See You In Le Touquet

26 January 2024

See You in Le Touquet: A Memoir of War and Destiny
by Romie Christie
Published by DriverWorks Ink
Review by Toby A. Welch  
$24.95 ISBN 9781927570845

If any book should be made into a movie, it’s this one!

See You in Le Touquet reads like a gripping historical fiction novel but it is a true story. Retired Canadian journalist Romie Christie tells the story of her inspiring parents, Sandy and Dorothy, in this fascinating peek into their lives.

As Christie points out in the About This Story section in the back of See You in Le Touquet, this is a work of creative nonfiction. “It is based on fact, with some creativity and imagination woven into the story… Throughout this book, I have endeavoured to stay as true to actual events as I was able.” For the parts of the timeline that Christie didn’t have firsthand knowledge of, she assembled the information via personal essays Sandy had written, Le Touquet history books, Dorothy’s diaries, photos, historians, and stories from the family members and friends of her parents. 

The cast of characters in See You in Le Touquet is lengthy as many people weave in and out of Dorothy and Sandy’s lives. If you struggle to remember who’s who as I did, a list of the players is near the back of the book starting on page 213. It was an invaluable help as I made my way from 1915 to 2005 and into the years after the deaths of Sandy and Dorothy.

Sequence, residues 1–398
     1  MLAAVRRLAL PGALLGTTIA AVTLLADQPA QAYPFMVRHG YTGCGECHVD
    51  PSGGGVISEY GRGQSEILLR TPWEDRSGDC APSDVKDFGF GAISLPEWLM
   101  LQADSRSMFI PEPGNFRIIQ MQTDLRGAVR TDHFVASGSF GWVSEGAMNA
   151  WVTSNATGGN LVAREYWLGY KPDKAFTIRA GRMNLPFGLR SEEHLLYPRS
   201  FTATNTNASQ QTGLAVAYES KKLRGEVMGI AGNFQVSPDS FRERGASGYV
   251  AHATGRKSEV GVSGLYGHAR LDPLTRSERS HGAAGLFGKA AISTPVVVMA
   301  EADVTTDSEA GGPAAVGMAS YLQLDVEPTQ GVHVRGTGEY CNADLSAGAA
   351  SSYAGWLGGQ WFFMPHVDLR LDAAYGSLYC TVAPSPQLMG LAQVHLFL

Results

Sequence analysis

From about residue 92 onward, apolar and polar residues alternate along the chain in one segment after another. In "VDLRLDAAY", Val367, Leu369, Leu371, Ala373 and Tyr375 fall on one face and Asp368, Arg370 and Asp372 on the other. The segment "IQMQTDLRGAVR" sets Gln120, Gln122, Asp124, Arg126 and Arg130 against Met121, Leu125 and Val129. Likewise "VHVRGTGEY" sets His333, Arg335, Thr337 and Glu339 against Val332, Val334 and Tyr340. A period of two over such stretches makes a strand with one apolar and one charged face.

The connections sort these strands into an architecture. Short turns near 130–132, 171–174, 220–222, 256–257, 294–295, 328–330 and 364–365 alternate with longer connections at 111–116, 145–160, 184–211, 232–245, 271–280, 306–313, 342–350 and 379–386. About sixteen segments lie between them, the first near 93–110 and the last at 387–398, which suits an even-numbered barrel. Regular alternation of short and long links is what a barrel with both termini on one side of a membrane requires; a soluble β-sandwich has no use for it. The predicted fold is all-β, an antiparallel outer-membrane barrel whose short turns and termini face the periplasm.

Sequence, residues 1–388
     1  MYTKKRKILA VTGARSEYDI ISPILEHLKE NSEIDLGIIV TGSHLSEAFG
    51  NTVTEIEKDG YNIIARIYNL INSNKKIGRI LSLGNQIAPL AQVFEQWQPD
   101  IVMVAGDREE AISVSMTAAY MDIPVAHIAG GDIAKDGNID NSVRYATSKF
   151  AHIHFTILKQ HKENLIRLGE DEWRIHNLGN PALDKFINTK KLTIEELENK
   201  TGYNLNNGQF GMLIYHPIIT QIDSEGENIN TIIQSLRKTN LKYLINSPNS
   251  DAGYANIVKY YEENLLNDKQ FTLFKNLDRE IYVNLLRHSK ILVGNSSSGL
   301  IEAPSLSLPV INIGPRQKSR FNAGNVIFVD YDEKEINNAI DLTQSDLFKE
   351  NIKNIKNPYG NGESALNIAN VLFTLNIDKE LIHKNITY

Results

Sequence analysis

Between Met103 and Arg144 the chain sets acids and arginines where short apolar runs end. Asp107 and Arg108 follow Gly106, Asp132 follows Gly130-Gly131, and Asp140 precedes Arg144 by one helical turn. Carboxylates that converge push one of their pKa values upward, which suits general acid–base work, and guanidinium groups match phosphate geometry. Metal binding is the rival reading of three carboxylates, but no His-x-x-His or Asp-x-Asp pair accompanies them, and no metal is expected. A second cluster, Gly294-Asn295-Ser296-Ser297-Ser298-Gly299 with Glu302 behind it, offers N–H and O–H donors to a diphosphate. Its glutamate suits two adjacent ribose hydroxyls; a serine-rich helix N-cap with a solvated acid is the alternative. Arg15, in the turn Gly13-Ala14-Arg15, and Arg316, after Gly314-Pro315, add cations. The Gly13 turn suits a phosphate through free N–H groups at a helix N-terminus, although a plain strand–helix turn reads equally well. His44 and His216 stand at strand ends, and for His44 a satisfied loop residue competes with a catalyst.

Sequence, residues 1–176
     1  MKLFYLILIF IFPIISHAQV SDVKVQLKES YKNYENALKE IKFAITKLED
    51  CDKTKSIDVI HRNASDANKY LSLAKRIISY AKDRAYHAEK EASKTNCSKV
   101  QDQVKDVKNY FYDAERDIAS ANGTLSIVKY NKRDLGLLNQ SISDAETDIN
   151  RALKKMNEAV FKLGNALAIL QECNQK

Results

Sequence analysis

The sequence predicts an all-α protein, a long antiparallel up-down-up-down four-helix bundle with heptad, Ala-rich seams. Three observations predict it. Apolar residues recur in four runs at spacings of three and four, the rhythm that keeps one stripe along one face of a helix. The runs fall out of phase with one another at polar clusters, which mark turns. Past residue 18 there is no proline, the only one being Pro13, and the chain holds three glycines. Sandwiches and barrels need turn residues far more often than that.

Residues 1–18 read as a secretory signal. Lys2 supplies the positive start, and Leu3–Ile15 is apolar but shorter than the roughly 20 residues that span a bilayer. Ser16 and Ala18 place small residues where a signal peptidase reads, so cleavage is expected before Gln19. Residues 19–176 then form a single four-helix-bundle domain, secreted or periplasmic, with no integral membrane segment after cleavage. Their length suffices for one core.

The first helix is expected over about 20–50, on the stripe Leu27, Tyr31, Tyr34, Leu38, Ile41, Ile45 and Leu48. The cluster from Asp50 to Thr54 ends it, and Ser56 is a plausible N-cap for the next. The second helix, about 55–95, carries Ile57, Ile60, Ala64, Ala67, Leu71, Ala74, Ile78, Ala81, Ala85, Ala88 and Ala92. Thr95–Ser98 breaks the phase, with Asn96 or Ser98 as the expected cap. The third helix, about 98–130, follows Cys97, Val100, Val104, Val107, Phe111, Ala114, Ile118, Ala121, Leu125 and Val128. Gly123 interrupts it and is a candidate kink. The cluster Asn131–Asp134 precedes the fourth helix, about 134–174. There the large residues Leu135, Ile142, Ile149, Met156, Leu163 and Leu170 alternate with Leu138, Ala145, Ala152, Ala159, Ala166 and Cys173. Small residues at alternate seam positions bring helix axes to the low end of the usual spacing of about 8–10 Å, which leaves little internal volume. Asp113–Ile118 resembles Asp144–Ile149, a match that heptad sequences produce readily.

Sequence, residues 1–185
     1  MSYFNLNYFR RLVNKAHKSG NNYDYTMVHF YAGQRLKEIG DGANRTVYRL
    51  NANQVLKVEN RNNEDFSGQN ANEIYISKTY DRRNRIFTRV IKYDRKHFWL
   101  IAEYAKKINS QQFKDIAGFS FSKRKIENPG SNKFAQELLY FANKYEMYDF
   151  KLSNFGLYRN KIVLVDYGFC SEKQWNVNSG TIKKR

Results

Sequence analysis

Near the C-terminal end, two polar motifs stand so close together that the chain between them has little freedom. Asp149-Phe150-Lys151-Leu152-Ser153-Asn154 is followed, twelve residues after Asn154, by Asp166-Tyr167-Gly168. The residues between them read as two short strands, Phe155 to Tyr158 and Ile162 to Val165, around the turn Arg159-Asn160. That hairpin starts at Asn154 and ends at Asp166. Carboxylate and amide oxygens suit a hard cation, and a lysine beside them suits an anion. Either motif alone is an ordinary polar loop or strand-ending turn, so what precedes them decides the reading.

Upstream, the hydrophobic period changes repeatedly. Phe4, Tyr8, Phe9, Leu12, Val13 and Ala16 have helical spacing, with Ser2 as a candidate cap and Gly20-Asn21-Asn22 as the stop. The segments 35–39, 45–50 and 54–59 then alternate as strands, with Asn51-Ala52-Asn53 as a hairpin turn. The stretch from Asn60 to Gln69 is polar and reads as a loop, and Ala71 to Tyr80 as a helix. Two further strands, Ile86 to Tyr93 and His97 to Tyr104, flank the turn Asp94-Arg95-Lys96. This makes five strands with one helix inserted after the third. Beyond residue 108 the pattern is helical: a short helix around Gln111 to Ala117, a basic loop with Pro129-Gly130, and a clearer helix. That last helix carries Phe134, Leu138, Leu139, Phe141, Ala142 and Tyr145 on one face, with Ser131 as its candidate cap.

Christie does an impressive job of interlacing her parents’ lives together. But that isn’t surprising considering that she was a journalist and producer with CBC Radio for almost two decades where she worked on bringing countless stories to life. Her experience with storytelling shines through in this triumphant work. 

One of the many things that make this book so hard to put down is Christie’s ability to pull you into the story with the tiny details; they flesh out events in an intimate way that breeds familiarity. For example, the description of the obsession with jazz in Paris in the late 1930s. Heart-warming stories of Dorothy’s beloved dog, Bruce. Specifics about vehicle models, landmine placements, and the two-term Army university course at the University of Saskatchewan in Saskatoon, etc. 

My favourite snippet in the book occurred when Sandy met Dorothy for the first time and thought to himself: “I’m just a boy from Saskatchewan!” And Dorothy’s thoughts thirty seconds later when she learned where he was from: “Canada! Even more exotic than America!” (Dorothy and Sandy don’t meet until two-thirds of the way through the book; that’s how engrossing their backstories are.)

Christie sums See You in Le Touquet up best in her blurb: “Theirs is a story of war, love, and peace. A story for the ages.” I give it two radiant thumbs up!


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